Peas With Built-In Weevil ResistanceMay 28, 1998
CSIRO announced today (Thursday) that it has produced genetically modified peas almost one hundred per cent resistant to weevils, the most damaging pest of Australia's $100 million-a-year pea crop.
"Currently, growers spend up to $16 million a year on chemical insecticides to control the pea weevils. In our field trials, we've shown that the genetically modified peas are 99.5 per cent resistant to weevil attack - no insecticide required," says Dr TJ Higgins, CSIRO Plant Industry.
"We introduced into the peas a gene found in the common kidney bean which has a natural resistance to these seed-eating weevils.
"This gene produces a protein that blocks the normal digestion of seed contents by weevil larvae, so they don't grow and develop into adults," Dr Higgins says.
"Weevils can reduce yields by 25 to 30 per cent," says Dr Higgins. "Any sign of weevil damage will cause the peas to be downgraded in quality, with a corresponding reduction in value - no longer suitable for human consumption, the peas are fit for animal feed only."
"We've conducted field trials in New South Wales, Victoria, South Australia and Western Australia in collaboration with the State Departments of Agriculture.
"We tested agronomic characteristics such as yield, and the genetically modified peas are identical to conventional peas in every way except in their susceptibility to insect attack," says Dr Higgins.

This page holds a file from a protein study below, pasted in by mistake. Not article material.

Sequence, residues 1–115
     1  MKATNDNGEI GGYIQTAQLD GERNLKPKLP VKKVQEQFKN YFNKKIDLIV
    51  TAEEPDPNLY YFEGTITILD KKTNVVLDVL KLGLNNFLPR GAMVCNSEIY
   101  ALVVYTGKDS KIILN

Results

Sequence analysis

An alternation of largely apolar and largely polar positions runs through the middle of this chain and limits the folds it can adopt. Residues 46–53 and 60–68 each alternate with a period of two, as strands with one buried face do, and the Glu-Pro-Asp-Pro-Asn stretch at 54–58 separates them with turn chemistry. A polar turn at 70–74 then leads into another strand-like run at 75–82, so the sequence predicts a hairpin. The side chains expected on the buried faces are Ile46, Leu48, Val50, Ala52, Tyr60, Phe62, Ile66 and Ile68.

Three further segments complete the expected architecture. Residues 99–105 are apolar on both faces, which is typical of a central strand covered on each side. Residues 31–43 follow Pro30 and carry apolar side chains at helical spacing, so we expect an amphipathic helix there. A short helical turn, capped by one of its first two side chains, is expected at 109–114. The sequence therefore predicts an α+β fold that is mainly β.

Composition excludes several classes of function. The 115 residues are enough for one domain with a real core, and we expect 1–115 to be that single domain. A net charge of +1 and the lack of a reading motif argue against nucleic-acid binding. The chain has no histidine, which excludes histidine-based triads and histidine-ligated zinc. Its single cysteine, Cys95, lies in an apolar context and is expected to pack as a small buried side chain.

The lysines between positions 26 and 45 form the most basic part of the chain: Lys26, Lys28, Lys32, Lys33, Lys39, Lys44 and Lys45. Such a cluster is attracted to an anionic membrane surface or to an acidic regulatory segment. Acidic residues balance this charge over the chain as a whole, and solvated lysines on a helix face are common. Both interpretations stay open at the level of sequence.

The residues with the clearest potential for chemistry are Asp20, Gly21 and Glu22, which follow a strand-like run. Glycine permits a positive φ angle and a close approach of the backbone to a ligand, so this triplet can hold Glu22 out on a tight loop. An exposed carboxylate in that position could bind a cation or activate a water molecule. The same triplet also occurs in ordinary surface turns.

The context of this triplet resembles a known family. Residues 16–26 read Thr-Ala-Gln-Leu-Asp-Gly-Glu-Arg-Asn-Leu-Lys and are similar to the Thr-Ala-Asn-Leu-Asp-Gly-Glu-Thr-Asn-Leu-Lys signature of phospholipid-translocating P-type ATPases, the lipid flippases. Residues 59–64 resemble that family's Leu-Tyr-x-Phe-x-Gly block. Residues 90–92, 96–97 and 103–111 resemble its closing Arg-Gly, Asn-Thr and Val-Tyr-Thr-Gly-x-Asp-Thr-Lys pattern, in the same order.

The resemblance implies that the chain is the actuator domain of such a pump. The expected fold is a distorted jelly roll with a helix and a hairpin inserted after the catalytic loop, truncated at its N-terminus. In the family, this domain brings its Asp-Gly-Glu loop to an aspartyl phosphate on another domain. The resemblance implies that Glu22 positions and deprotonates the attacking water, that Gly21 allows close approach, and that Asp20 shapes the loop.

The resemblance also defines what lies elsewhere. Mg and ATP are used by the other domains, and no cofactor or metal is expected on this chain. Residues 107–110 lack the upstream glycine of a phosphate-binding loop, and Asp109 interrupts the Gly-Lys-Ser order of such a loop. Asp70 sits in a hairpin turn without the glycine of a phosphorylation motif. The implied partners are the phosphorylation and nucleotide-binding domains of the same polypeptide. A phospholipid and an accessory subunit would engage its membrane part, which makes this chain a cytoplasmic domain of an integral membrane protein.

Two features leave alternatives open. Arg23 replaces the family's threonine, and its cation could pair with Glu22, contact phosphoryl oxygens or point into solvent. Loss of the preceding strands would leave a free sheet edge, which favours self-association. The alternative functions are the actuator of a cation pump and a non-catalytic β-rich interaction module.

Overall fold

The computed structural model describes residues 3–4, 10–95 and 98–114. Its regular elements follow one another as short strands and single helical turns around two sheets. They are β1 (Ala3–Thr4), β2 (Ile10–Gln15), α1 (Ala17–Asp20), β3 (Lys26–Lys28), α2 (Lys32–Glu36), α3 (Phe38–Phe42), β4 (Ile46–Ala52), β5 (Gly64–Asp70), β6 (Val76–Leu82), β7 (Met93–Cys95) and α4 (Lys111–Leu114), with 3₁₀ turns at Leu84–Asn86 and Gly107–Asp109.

Having shown that the technique is successful in peas, the researchers will now attempt to apply the same method to other important food legumes such as chickpeas, cowpeas and mungbeans.
According to Dr Higgins, the significance of weevil attack is not limited to Australian crops.
"Weevils are particularly severe in developing countries - in Asia, the Indian subcontinent, Africa and South America. Subsistence farmers often need to store their harvested crops under poor conditions," he says.
"In these countries, a small weevil infestation in a storage bin can lead to near-total crop losses six months later," says Dr Higgins.
The CSIRO scientists are working in collaboration with scientists from the University of California and the Purdue University. The research is supported by growers through the Grains Research and Development Corporation.